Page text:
• What topologies do selfish peers form?

? Concepts of Nash equilibrium and Price of
Anarchy
29
Model Price of Anarchy
  • Nash equilibrium
  • Result of selfish behavior ? topology formed
    by selfish peers
  • Network where no peer can reduce its costs by
    changing its neighbor set given that neighbor
    sets of the other peers remain the same
  • Price of Anarchy
  • Captures the impact of selfish behavior by
    comparison with optimal solution ratio of social
    costs

Is there actually a Nash equilibrium?
30
Related Work
  • The Locality Game is inspired by the Network
    Creation Game
  • Differences
  • In the Locality Game, nodes are located in a
    metric space
  • ? Definition of stretch is based on
    metric-distance, not on hops!
  • The Locality Game considers directed links
  • Yields new optimization function

31
Overview
Introduction Model
Price of Anarchy
Stability
Complexity of Nash Equilibria
32
Analysis Lower Bound for Social Optimum?
  • Compute upper bound for PoA gt need lower bound
    for social opt
  • and an upper bound on Nash equilibrium cost
  • OPT gt ?
  • Sum of all the peers individual costs must be at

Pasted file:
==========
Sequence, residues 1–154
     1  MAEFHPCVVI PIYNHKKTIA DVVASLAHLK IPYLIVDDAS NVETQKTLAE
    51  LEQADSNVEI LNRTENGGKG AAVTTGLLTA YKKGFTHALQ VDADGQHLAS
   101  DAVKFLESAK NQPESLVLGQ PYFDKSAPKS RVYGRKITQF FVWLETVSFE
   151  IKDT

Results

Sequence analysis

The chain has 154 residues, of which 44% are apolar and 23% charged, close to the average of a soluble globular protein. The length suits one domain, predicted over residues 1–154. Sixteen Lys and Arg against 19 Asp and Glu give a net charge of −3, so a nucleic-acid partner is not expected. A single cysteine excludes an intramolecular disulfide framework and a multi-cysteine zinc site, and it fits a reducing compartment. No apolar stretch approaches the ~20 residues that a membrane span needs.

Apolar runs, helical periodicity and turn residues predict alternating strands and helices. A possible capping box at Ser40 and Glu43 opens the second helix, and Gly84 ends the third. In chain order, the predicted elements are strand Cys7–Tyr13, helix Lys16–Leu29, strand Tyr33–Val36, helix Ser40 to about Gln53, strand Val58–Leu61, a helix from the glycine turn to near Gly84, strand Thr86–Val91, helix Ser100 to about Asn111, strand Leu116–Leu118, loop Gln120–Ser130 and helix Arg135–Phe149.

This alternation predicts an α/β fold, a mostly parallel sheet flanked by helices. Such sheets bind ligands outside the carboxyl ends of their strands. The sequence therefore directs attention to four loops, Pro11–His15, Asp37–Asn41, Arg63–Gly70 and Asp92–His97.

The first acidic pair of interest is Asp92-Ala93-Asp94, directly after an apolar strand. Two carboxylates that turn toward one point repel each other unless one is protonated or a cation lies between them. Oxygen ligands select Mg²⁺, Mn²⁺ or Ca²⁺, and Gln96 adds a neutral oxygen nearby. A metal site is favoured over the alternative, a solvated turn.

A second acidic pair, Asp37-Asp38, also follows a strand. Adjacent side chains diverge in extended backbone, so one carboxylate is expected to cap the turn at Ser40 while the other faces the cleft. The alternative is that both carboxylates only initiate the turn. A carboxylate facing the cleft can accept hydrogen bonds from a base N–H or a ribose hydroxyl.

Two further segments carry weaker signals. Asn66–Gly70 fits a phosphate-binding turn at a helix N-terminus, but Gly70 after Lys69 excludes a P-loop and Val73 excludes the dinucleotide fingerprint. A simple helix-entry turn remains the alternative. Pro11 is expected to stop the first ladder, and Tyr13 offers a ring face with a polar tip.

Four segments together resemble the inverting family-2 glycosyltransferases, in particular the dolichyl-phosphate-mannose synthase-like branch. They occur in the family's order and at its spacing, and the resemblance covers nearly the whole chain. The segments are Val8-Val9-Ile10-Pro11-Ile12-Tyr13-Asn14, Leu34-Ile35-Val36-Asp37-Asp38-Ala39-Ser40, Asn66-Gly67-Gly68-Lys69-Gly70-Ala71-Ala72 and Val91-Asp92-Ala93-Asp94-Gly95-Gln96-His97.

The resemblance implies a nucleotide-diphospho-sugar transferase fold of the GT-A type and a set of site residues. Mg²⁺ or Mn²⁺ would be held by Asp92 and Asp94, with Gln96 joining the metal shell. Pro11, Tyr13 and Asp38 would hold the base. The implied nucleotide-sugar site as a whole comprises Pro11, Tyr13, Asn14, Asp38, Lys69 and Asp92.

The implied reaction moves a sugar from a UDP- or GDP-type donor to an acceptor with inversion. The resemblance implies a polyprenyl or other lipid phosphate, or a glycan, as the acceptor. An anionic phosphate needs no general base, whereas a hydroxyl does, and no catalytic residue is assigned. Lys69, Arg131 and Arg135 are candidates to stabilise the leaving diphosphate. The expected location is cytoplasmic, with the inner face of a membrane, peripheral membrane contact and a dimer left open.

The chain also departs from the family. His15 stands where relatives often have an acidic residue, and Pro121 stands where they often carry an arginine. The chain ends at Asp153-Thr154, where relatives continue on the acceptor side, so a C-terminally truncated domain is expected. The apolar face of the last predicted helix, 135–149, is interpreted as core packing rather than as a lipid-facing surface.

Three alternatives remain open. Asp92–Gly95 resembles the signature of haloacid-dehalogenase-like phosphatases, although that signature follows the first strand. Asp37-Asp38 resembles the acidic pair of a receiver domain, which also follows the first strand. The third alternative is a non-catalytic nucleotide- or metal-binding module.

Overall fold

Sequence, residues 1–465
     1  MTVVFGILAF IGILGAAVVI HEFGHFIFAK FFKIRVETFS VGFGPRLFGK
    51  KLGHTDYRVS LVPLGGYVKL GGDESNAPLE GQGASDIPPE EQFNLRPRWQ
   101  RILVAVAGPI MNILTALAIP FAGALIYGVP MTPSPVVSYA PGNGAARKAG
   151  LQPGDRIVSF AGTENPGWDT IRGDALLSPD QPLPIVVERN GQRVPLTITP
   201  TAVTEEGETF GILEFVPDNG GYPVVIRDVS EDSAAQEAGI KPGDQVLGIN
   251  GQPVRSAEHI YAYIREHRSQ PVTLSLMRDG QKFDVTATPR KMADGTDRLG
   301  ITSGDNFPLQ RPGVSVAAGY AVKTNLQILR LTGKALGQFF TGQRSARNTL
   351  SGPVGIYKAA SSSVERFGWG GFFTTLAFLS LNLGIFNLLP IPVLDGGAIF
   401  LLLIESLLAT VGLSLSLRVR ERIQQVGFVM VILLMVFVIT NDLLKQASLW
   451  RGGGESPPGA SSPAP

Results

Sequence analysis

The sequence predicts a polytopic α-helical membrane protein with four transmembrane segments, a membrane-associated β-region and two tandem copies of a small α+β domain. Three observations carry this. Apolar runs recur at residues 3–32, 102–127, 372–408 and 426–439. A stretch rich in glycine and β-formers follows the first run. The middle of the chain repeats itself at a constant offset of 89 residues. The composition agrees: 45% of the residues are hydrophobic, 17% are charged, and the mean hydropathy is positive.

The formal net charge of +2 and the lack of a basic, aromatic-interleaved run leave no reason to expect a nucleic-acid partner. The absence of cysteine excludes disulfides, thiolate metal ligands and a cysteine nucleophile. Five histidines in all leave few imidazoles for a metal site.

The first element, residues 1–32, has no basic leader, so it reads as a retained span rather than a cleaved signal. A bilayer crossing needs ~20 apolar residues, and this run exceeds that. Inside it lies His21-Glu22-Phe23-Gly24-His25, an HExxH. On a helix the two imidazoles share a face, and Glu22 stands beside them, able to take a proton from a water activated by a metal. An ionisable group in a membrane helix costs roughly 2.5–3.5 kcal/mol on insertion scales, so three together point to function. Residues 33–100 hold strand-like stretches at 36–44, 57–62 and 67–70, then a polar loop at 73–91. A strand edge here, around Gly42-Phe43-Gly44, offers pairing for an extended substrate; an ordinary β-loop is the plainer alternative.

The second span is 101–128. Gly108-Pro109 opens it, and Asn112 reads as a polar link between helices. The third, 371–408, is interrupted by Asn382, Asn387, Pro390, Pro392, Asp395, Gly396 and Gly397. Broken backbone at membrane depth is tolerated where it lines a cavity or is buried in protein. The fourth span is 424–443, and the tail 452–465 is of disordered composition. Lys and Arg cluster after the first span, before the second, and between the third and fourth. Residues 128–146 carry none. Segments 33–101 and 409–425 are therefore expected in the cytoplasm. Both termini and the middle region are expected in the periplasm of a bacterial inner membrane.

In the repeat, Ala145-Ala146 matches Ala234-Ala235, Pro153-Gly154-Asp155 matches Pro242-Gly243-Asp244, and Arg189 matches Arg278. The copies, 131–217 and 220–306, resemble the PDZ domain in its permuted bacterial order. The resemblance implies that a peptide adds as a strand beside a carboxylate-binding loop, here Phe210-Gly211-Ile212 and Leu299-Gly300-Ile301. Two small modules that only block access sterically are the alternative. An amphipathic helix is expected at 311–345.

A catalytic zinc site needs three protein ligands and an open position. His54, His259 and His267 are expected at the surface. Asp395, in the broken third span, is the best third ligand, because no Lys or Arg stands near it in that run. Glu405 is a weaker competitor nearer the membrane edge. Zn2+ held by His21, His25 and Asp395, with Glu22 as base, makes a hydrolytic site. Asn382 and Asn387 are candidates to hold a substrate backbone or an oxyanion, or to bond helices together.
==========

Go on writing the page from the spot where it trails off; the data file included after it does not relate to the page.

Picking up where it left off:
least?
  • Total link costs gt ? (Hint directed
    connectivity)
  • Total stretch costs gt ?

Your turn! ?
33
Analysis Social Optimum
  • For connectivity, at least n links are necessary
  • ? OPT ? n
  • Each peer has at least stretch 1 to all other
    peers
  • OPT n (n-1) 1 ?(n2)
  • Now Upper Bound for NE? In any Nash equilibrium,
    no stretch exceeds ?1 total stretch cost at
    most O(? n2)
  • ? otherwise its worth connecting to the
    corresponding peer
  • (stretch becomes 1, edge costs ?)
  • Total link cost also at most O(? n2)

OPT 2 ?(? n n2)
Really?
Can be bad for large ?
NASH 2 O(?n2)
Price of Anarchy 2 O(min?,n)
34
Analysis Price of Anarchy (Lower Bound)
  • Price of anarchy is tight, i.e., it also holds
    that

The Price of Anarchy is PoA 2 ?(min? ,n)
  • This is already true in a 1-dimensional Euclidean
    space


?1
?2
?3
?4
?5
?i-1
?i
?i1
?n

Peer
?
½
½ ?2
?3
½ ?4
½ ?i-2
?i-1
½?i
½ ?n-1


Position
35
Analysis Price of Anarchy (Lower Bound)

?1
?2
?3
?4
?5
?i-1
?i
?i1
?n

Peer
?
½
½ ?2
?3
½ ?4
½ ?i-2
½?i
?i-1
½ ?n-1


Position
To prove (1) is a selfish topology instance
forms a Nash equilibrium (2) has large costs
compared to OPT the social cost of this
Nash equilibrium is ?(? n2)
Note Social optimum is at most O(? n n2)
O(n) links of cost ?, and all stretches 1
36
Analysis Topology is Nash Equilibrium

6
1
2
3
4
5


?
½ ?2
?3
½ ?4
½
?5
  • Proof Sketch Nash?
  • Even peers
  • For connectivity, at least one link to a peer on
    the left is needed (cannot change neighbors
    without increasing costs!)
  • With this link, all peers on the left can be
    reached with an optimal stretch 1
  • Links to the right cannot reduce the stretch